Roman Catholic Missions

Roman Catholic missions were in the past, as now, almost entirely in the hands of the religious orders. The great missionary orders are the Benedictines (which evangelized medieval Germany), Franciscans (especially the Capuchins), Dominicans (founded for missions among the Albigenses), Carmelites, and Jesuits (involved with the education of boys). The Jesuits (see Jesus, Society of) were the great missionaries of the Counter Reformation. They went to East Asia (see Francis Xavier, Saint), to America, and to Protestant N Europe. It was the Jesuits who kept up the English missions in the 16th and 17th cent.

The first Catholic missionaries in Canada were Recollects, who worked in the first part of the 17th cent.; they were soon followed by Jesuits. Notable of these Jesuits were Jerome Lalemant, Jean de Brébeuf, and Isaac Jogues; they may be regarded as a principal factor in the growth of the Canadian frontier and in the exploration of Canada and the upper Mississippi. The Jesuit Relations, the individual journals of these Jesuits, are exceedingly important sources of early American history. In the period of the conquest of Central and South America by Spain the church sent its missionaries with the conquerors. The Franciscans and Jesuits were the most important orders in Mexico. In the late 18th and early 19th cent. there was an extensive Catholic missionary interest in the Mississippi valley, and many Italians and French came to America to teach in the newly opened country. Bardstown, Ky., was the chief center.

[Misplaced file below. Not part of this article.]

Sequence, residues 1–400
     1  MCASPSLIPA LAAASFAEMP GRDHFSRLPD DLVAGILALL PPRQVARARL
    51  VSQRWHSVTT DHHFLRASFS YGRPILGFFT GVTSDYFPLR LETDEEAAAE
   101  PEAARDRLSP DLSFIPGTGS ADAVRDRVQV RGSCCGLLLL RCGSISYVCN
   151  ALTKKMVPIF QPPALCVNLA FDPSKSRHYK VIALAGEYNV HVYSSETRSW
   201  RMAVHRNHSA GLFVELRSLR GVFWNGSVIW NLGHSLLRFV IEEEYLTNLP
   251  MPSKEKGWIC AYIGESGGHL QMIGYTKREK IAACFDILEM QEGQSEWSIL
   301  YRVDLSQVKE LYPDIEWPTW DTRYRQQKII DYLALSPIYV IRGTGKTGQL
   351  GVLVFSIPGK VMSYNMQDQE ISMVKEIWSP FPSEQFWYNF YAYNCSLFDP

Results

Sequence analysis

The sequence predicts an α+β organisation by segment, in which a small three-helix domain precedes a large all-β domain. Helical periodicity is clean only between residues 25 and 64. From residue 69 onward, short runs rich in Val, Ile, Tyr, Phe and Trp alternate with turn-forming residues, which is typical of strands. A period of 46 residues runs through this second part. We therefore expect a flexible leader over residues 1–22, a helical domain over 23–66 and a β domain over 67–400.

Since the 17th cent. practically all Roman Catholic missions have been administered by one of the Roman congregations, the Congregation for the Evangelization of Peoples (formerly the Congregation for the Propagation of the Faith or Congregatio de Propaganda Fide, often called the Propaganda). This is made up of cardinals, whose office is in Rome. The foreign missions are administered by the religious orders, the missionaries being responsible to the congregation in Rome. A policy adopted in the middle of the 19th cent. emphasized the training of native clergy and the ordination of native bishops. Roman Catholic missions are supported by the congregation, by the religious orders, and by lay missionary societies.

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